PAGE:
NASA SBIR 2008 Solicitation
FORM B - PROPOSAL SUMMARY
|PHASE 1 CONTRACT NUMBER:
||Software for Space Communications Infrastructure Operations
||Intelligent Agents for Scheduling Space Communications
SMALL BUSINESS CONCERN (Firm Name, Mail Address, City/State/Zip, Phone)
100 N.E. Loop 410 Suite 520
San Antonio, TX 78216 - 4727
PRINCIPAL INVESTIGATOR/PROJECT MANAGER (Name, E-mail, Mail Address, City/State/Zip, Phone)
8620 N. New Braunfels, Suite 603
San Antonio, TX 78217 - 4727
Expected Technology Readiness Level (TRL) upon completion of contract:
4 to 5
TECHNICAL ABSTRACT (Limit 2000 characters, approximately 200 words)
The new exploration initiative, and the planned new antenna types to be developed in support of that initiative will increase the number and complexity of missions to be supported by the NASA Space Communications infrastructure. In a new concept, the communications architecture will evolve from the present centralized system to one where user/missions will be given direct control of communication schedules, allowing them to directly change requests, while working with other user/missions to solve scheduling conflicts in a collegial environment. A radically new user interface paradigm will be needed to support this new approach. It is our contention that such an interface is best designed using intelligent agent technologies, resulting in an intelligent space communications scheduling agent for each user/mission. In Phase 1 we demonstrated the feasibility of using the Distributed, Collaboration and Interaction (DCI) intelligent agent software to support key activities of user schedule representatives of the Deep Space Network (DSN). These agents used models of mission preferences for preparing requests and posting notifications, and took actions on the part of the user to resolve schedule conflicts and take advantage of unexpected asset availability. In Phase 2 we will extend our prototype agents to support the full range of user scheduling activities, to add capabilities to support multi-user conflict management and to design them to integrate with DSN Service Scheduling Software as it evolves to support user/missions. We will also investigate the potential of using software agents to support the space and ground networks.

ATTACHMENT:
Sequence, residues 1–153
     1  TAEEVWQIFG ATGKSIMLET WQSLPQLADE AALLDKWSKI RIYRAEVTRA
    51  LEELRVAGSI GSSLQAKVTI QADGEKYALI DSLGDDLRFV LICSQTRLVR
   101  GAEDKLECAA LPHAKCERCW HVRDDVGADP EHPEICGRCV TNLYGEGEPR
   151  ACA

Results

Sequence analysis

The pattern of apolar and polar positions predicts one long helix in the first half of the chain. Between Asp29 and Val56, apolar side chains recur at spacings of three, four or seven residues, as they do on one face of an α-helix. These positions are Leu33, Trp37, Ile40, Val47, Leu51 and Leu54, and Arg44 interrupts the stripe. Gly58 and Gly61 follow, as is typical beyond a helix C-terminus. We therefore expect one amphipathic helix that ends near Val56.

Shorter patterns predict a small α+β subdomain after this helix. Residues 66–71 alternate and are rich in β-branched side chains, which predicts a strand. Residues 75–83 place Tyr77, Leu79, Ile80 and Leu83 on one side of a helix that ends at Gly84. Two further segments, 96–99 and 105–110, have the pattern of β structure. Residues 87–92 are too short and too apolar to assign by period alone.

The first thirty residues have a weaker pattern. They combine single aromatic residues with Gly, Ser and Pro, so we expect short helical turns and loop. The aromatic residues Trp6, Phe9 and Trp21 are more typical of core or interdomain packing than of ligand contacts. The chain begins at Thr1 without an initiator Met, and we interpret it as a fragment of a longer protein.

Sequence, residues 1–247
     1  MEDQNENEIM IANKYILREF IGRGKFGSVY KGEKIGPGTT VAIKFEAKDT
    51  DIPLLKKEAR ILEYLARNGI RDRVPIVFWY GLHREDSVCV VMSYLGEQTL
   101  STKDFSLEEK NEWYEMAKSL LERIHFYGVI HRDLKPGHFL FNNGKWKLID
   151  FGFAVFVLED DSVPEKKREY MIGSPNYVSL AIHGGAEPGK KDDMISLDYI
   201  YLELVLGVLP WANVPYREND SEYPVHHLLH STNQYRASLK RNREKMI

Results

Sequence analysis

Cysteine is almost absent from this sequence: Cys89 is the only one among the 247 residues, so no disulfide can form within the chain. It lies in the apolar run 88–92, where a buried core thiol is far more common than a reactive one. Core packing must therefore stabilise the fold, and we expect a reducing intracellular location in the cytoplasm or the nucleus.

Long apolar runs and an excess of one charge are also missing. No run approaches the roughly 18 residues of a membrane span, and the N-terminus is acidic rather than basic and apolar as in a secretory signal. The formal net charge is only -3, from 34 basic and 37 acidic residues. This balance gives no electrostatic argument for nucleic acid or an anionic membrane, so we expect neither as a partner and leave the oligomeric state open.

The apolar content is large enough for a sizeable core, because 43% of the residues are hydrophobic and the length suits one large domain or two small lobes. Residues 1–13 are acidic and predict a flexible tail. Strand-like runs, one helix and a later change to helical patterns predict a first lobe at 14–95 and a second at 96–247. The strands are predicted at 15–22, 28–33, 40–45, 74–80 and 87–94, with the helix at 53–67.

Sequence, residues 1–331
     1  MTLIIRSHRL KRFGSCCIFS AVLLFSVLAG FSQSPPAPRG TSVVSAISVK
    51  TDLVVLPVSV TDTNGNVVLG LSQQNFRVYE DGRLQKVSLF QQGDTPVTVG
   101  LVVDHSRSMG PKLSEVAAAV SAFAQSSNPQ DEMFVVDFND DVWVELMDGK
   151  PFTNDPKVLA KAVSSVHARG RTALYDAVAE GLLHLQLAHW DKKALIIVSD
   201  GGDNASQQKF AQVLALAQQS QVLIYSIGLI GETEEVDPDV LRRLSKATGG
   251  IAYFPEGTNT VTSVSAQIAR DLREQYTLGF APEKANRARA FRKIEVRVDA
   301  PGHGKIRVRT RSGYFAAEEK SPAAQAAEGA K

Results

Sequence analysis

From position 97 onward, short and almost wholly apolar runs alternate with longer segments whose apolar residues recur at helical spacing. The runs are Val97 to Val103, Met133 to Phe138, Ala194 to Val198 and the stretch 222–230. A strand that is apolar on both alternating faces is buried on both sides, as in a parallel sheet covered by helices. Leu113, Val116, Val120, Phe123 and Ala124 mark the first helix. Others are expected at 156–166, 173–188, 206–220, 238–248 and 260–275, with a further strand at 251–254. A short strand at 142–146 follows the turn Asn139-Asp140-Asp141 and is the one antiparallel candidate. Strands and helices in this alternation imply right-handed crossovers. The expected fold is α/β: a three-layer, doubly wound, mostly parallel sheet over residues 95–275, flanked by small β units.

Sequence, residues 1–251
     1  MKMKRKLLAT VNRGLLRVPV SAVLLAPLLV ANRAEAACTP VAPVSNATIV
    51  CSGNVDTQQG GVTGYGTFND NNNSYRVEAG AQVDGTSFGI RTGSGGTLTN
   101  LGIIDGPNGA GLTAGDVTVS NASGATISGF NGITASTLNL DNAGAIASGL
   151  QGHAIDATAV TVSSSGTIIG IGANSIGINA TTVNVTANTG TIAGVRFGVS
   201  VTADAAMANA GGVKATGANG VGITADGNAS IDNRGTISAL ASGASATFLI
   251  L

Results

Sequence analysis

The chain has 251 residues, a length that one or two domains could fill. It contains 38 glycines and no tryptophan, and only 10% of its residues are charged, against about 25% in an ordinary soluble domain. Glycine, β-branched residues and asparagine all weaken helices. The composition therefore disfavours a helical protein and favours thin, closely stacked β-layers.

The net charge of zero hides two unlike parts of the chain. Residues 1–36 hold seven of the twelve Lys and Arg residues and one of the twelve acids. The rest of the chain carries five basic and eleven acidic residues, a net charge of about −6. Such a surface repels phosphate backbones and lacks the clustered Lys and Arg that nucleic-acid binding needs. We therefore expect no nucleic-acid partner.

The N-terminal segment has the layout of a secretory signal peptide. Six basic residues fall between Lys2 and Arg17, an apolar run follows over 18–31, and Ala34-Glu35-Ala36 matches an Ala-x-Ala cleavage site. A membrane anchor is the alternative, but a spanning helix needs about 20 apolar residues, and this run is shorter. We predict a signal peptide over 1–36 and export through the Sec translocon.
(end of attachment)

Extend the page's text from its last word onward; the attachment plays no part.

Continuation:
POTENTIAL NASA COMMERCIAL APPLICATIONS (Limit 1500 characters, approximately 150 words)
Scheduling is a primary enterprise at NASA and the new exploration initiative will only increase the need for efficient interactive scheduling. Besides space communications, we also see potential applications to assist geographically distributed users to schedule time on NASA's orbital and ground based telescopes. Mission planning is at the core of all space missions due to the high cost of space assets such as astronauts, equipment and communication links. Our new agent services, connected with planning engines, will have applications across many NASA programs, from Mission Control to on-board NASA vehicles and outposts, especially for EVA planning. With the new exploration initiative, EVA mission planning and scheduling will increase dramatically from an EVA every few months to one or two a day, and that will increase the need to integrate science and exploration training tasks into a coherent EVA plan/schedule. We also expect applications of our technology to immediately impact NASA's Exploration Technology Development Program (ETDP), in particular, the Automation for Operations (A4O) managed at NASA ARC, which is investigating automated planning and scheduling to enhance spacecraft operations.
POTENTIAL NON-NASA COMMERCIAL APPLICATIONS (Limit 1500 characters, approximately 150 words)
he military has a number of arenas wherein tasks are requested of limited availability assets. Examples are the Air Force Satellite Control Network (FSCN) and the defense intelligence use of high altitude aircraft and special operations surveillance assets. The needs of the user/missions of these assets are similar and would benefit from the application of our enhanced DCI technology. The military is also currently a large customer for unmanned vehicle operations. Unmanned vehicles, both air and ground, are becoming more and more common in battlefield situations. As these unmanned vehicles are increasingly deployed in tandem with dismounted forces, coordinating software will be necessary to ensure successful operations. In particular, unmanned surveillance vehicles, are becoming more and more common in battlefield situations as evidenced in Iraq and Afghanistan. As these unmanned vehicles are increasingly deployed, scheduling their use by an increasing number of users will require the kind of distributed agent systems described in this proposal. Mission planning will also play a large role in integrated manned and unmanned operations. Distributed planning and control systems will serve to better merge competing user needs to accomplish military missions. Finally, non-military applications include distributed scheduling of aircraft in municipal airports, trains and other transportation systems, as well as factory production lines.
NASA's technology taxonomy has been developed by the SBIR-STTR program to disseminate awareness of proposed and awarded R/R&D in the agency. It is a listing of over 100 technologies, sorted into broad categories, of interest to NASA.
TECHNOLOGY TAXONOMY MAPPING
Architectures and Networks
Autonomous Control and Monitoring
Autonomous Reasoning/Artificial Intelligence
Database Development and Interfacing
Form Generated on 08-03-09 13:26